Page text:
Untimely Terps benching won't sit well

March 22, 2007|By DAVID STEELE

No, it's not time to register the domain name firebrenda.com. Or for any talk shows, message boards or column inches to be filled with fire-breathing venom about the wrong direction the program has taken.

That kind of talk is reserved for the Maryland men's basketball team, of course. National championships don't have the same currency they once did, we've learned. The honeymoon in the women's program seems safe from a premature end.

Still, in the wake of that debacle Tuesday night at the Hartford Civic Center, it is appropriate to ask the question: What the hell was that?

Mississippi 89, no-longer-reigning champion Maryland 78, in the second round of the NCAA tournament is what happened, and it wasn't even remotely that close.

Maybe "how" is the more relevant question, and this is where the fictional Web site comes in. Good luck to one of the fastest-rising stars the women's game has ever seen, Brenda Frese, explaining this one away.

If you were unlucky enough to watch Tuesday night, to make the effort to keep up while ESPN whipped from one game to another, most of the time you were tuning back in just in time to see someone's pocket get picked again, another pass thrown into press row, another easy Ole Miss basket. The announcers couldn't even keep up - as soon as they'd say, for example, that the Terps had turned the ball over eight of their past nine possessions, here came No. 9 out of 10.

Twenty turnovers in the first half, 29 in all, leading to 42 points.

It was embarrassing. Thrilling, maybe, to fans hoping the women's tournament gets some of the Cinderella action the men's tourney thrives on, and a ton of fun for those in the women's game who are jealous of Frese and Maryland's instant success. But for the defending champs themselves, getting schooled like that will be extremely hard to digest for a long time.

The Terps were legit; this won't taint last year's accomplishments. But no one should be writing the season's obituary this early. Yet we are, and it's not just a too-bad, tough-loss wrap-up.

The Benching will hang over that game, this season, that coach's head for a long, long time.

This almost preposterously loaded team is gone exactly two games after Frese changed starters at point guard. Right at the end of a two-week break since the ACC tournament, apparently with no warning, and with an explanation that the player - sophomore Kristi Toliver, whose epic three-pointer in the championship game last year had been replayed daily for about the past month on ESPN's tournament commercials - didn't seem to grasp.

Hmmm. Bench the point guard, then turn the ball over on practically every other possession two games later, like a bunch of third-graders playing the big kids at recess.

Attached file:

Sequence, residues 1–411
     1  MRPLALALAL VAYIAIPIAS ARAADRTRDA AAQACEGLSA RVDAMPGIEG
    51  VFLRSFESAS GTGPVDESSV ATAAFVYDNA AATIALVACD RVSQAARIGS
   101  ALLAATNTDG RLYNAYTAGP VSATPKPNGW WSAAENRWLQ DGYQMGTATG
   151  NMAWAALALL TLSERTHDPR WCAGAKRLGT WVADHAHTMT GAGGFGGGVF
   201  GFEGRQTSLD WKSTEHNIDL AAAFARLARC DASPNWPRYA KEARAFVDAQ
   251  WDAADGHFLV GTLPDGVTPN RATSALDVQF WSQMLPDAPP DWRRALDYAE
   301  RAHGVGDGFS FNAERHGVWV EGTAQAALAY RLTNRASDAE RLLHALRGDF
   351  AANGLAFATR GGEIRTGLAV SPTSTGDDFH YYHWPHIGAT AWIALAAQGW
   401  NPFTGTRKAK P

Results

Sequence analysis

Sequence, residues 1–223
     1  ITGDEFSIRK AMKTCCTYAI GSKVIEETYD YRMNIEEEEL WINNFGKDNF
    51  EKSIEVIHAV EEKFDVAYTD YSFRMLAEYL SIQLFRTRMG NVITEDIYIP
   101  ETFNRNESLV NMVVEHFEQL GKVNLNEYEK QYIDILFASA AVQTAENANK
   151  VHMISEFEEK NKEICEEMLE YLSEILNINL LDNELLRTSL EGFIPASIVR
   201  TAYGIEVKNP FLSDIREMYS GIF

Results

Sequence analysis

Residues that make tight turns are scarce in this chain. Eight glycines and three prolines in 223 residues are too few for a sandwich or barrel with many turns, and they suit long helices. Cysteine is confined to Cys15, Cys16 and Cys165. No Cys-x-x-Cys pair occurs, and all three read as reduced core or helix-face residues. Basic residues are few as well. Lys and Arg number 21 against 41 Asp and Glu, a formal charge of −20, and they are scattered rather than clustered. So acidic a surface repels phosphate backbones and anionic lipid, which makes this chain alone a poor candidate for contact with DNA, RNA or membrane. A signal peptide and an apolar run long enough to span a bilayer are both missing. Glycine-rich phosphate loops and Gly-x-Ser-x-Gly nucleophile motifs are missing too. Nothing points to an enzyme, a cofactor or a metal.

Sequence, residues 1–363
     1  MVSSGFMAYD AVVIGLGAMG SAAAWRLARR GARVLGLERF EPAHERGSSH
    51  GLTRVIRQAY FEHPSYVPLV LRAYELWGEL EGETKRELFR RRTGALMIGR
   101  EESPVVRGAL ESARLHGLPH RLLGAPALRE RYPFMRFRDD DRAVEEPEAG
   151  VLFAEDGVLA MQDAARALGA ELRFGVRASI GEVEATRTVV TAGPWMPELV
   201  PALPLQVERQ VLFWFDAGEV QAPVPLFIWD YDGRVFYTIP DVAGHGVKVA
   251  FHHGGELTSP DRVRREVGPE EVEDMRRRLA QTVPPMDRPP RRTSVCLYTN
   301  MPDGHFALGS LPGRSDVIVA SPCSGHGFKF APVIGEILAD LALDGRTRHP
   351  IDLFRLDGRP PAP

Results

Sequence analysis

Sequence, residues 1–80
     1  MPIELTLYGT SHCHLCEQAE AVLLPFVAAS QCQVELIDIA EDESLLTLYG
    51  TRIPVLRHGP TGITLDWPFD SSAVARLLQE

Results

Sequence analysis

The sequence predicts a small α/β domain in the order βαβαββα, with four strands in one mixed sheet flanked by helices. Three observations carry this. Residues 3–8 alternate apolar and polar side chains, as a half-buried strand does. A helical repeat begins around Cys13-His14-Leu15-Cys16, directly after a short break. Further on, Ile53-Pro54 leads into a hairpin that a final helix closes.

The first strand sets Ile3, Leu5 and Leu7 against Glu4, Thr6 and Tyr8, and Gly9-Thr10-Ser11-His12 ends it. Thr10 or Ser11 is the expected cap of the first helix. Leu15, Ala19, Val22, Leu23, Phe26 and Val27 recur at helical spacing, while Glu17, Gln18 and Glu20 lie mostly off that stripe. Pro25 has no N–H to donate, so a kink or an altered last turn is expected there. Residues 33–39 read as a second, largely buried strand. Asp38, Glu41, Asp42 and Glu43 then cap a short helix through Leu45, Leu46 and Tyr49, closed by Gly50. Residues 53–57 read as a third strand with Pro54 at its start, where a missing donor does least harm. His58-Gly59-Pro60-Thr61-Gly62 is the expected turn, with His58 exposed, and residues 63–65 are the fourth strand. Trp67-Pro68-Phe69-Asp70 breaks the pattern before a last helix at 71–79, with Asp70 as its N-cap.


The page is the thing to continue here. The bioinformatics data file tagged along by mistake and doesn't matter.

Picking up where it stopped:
Maybe there's no correlation. Maybe we'll never know for sure if there is. Maybe that's the worst result that can come from this. We'll never know if Maryland would still be playing next weekend if Frese had left well enough alone.

That stinks for her. But she, and Maryland, asked for it.

Granted, coaching that much talent that had won so much so early is harder than it looks; so is repeating, which is why it doesn't happen often in any sport. You'd think that as long as Frese was keeping everybody motivated and focused, this team could do it. Losing regular-season games in the ACC shouldn't have been an issue; they had done that last year, too.

The NCAA landscape before them, before they had to deal with Duke and North Carolina again, didn't seem so daunting that any drastic measures had to be taken.

Frese took a drastic measure.

It's not impossible to think that Mississippi just had the right defensive plan for the Terps, or that the targets on the champs' backs were too large no matter whom they played.

But how can anybody think that with the 500-pound elephant of the point-guard switch in the room?

Sure, it's a no-win situation. Lovie Smith was berated weekly for not benching Rex Grossman, even while the Bears were riding him to a Super Bowl, and when Grossman bombed out in Miami, the catcalls were renewed. Toliver might have had a wretched tournament game in her just waiting to come out, and it was going to come out whether she started or came off the bench.

But this was a very good thing going, a repeat champion-contender thing. Both Toliver and the player moved ahead of her, newcomer Sa'de Wiley-Gatewood, have contributed lots this season, and both were scheduled to be back together next year.

Yeah, next year. That's a good time to experiment, to shake things up, to send a message. Or earlier in the regular season. Not on the eve of the opening of the defense of the title Toliver helped them win.

Frese's reason made good basketball sense. It appears - appears, that is, in the form of 29 turnovers, 10 by Toliver, and a thunderous postseason butt-whupping - that keeping the rotation as-is, at the most critical position, made more sense.

After his team's NCAA elimination by Butler, helped by some questionable decisions among other factors, Gary Williams talked the way all coaches do after the season ends with the inevitable loss, about waking up at 3 a.m. in the offseason replaying games and moments.

His counterpart is sure to have nights just like that - a lot of questions to answer. Including one great big point-guard-sized one.


Read David Steele's blog at baltimoresun.com/steeleblog

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